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6 feet may not keep musicians safe during the pandemic

Backlighting required for background-oriented schlieren imaging experiments produced this silhouette of Jonathan Fischer, principal oboe with the Houston Symphony, during experiments at Rice’s Shepherd School of Music in late August. (Credit: Brandon Martin/Rice)

Musicians may need more than social distancing to stay safe on stage during the COVID-19 pandemic, according to a new study of exhaled aerosols.

Researchers used a high-speed camera to track the movements of exhaled air released by singers and musicians who play wind instruments for Rice University’s Shepherd School of Music and for the Houston Symphony.

Social distancing is an important part of minimizing pandemic-related risks, but our study points to the importance of other factors as well,” says Ashok Veeraraghavan, a Rice imaging expert involved in the study.

“Our main message is that there is no single silver bullet. Performance venues are going to need a mix of several different risk mitigation strategies. Each of them will help a little, and the sum total of all of them will minimize risk to both the performers and the audience.”

With musical organizations around the world making plans for fall performances, the researchers opted to publish their data, analysis, and recommendations online, prior to scientific peer review.

“People are making decisions about how to return to the stage, and an important goal of this project was to provide guidance for them as quickly as possible,” says Robert Yekovich, dean of the Shepherd School of Music and co-principal investigator of the study. “Peer review may take a year or more, and we believe it is imperative to make others aware of what we found.”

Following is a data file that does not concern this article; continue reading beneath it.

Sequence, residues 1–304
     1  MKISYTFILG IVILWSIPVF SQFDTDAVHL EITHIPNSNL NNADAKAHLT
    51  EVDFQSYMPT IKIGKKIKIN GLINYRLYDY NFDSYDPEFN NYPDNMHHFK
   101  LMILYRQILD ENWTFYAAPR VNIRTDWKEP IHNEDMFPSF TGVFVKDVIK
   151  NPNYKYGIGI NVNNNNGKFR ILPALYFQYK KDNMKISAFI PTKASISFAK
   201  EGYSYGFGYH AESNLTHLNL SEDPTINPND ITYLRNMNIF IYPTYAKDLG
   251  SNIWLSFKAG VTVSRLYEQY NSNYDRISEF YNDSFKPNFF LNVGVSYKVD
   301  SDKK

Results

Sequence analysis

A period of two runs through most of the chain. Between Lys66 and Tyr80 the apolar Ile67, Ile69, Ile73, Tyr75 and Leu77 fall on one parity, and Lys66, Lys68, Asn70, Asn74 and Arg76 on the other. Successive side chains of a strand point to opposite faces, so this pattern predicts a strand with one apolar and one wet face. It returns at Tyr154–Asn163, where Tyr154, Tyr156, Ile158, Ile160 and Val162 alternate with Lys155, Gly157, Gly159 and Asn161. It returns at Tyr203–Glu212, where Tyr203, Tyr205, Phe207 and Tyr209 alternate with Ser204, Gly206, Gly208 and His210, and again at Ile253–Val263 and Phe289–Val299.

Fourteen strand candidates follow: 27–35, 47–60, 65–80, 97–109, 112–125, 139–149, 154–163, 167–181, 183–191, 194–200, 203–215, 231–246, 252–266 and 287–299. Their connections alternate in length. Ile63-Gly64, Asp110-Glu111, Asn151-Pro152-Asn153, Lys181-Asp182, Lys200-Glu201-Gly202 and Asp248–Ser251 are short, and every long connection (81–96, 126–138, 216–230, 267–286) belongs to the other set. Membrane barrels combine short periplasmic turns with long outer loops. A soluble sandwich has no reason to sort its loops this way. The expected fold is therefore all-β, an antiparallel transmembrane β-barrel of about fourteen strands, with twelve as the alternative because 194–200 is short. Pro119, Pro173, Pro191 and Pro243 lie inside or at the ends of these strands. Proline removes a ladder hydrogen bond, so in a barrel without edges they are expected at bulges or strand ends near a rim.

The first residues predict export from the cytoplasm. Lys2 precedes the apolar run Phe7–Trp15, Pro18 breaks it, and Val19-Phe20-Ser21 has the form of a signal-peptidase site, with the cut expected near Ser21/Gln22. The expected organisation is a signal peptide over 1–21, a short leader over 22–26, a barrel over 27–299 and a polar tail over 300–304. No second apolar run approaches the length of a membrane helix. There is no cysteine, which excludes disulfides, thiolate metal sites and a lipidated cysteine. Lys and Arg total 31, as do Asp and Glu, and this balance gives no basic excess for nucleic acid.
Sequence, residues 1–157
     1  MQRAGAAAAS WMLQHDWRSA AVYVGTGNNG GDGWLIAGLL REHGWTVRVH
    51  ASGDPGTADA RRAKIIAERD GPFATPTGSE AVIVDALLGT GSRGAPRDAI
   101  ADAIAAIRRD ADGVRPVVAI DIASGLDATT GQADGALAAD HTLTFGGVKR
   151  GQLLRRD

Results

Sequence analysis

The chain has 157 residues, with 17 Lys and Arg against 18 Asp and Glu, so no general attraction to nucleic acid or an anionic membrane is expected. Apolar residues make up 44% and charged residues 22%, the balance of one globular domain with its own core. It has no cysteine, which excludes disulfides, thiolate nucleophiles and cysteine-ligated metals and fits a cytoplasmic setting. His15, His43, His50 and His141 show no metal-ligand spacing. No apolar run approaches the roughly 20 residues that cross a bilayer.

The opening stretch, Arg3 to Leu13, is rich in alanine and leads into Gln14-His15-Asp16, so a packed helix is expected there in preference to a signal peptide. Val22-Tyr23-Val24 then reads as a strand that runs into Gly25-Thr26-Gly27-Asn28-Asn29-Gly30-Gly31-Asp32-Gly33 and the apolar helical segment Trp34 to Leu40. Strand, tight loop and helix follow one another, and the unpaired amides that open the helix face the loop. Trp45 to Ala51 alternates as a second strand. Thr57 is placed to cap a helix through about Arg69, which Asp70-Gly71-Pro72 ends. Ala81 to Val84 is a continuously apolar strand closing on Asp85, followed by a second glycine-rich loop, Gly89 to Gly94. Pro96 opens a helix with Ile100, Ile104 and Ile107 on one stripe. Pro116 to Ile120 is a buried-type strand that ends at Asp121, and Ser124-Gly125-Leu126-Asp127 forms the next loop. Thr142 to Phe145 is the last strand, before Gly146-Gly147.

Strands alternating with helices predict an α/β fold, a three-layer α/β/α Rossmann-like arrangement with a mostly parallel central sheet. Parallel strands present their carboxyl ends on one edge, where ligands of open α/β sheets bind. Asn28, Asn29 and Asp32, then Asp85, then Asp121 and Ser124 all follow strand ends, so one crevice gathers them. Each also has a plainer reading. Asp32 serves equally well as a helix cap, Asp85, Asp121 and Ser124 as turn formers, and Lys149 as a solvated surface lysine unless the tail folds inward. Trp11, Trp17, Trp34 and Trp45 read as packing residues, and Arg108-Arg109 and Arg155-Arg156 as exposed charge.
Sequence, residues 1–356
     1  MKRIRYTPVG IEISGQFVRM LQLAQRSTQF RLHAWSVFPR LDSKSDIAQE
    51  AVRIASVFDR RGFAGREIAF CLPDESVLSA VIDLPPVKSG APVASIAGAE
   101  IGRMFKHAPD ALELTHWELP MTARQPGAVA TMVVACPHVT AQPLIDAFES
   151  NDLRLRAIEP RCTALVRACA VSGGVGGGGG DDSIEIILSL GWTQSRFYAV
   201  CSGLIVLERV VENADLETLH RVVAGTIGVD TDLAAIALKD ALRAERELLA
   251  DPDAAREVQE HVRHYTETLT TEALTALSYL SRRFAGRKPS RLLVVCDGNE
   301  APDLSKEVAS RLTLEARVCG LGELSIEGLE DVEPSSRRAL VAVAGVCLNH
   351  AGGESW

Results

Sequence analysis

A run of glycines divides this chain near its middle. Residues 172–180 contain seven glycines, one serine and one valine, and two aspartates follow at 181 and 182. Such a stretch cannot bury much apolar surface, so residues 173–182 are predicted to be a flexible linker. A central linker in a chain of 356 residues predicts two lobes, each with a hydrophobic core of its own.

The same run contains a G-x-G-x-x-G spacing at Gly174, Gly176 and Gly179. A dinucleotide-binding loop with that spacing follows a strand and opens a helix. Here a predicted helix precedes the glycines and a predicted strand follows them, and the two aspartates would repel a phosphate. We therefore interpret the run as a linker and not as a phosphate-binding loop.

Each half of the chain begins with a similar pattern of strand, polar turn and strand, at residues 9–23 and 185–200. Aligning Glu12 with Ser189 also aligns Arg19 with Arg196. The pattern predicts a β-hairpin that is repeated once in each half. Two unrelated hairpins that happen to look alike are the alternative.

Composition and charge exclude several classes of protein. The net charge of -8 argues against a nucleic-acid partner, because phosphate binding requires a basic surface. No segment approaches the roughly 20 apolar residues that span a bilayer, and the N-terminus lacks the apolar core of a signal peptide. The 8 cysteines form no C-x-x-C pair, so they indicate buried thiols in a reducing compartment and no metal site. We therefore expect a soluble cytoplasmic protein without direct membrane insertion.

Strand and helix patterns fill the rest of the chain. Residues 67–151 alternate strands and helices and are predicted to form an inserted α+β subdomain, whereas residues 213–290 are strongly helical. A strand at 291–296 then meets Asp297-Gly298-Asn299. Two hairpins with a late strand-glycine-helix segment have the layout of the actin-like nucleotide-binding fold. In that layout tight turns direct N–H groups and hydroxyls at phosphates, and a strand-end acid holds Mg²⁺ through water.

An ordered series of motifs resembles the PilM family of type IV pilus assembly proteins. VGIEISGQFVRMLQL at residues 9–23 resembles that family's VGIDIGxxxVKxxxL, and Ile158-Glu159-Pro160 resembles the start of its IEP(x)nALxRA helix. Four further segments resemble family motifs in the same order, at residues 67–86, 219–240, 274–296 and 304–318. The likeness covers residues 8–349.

Exhaled air from mouths and instruments

The COVID-19 pandemic brought traditional orchestra and opera performances to an abrupt halt in the spring. With tens of thousands of professional musicians sidelined, the overriding question was whether there was a way to modify orchestral and opera performances to continue during the pandemic.

In search for scientific answers, Yekovich and John Mangum, president and CEO of the Houston Symphony, partnered with Veeraraghavan, a professor of electrical and computer engineering in Rice’s Brown School of Engineering.

Using schlieren imaging, a decades-old technique for filming airflow, Veeraraghavan’s team filmed a female and male singer as well as performers playing the flute, oboe, clarinet, bassoon, horn, trombone, trumpet, and tuba. Three members of Veeraraghavan’s research group, postdoctoral researcher Vivek Boominathan and graduate students Ankit Raghuram and Sean Farrell, conducted the experiments in a large rehearsal hall at the Shepherd School in late August.

Though invisible to the naked eye, air is in constant motion. Using a combination of cameras, a specially printed high-resolution background, and computational algorithms allowed Veeraraghavan’s team to visualize the direction and flow of exhaled air coming from the musicians’ instruments and mouths.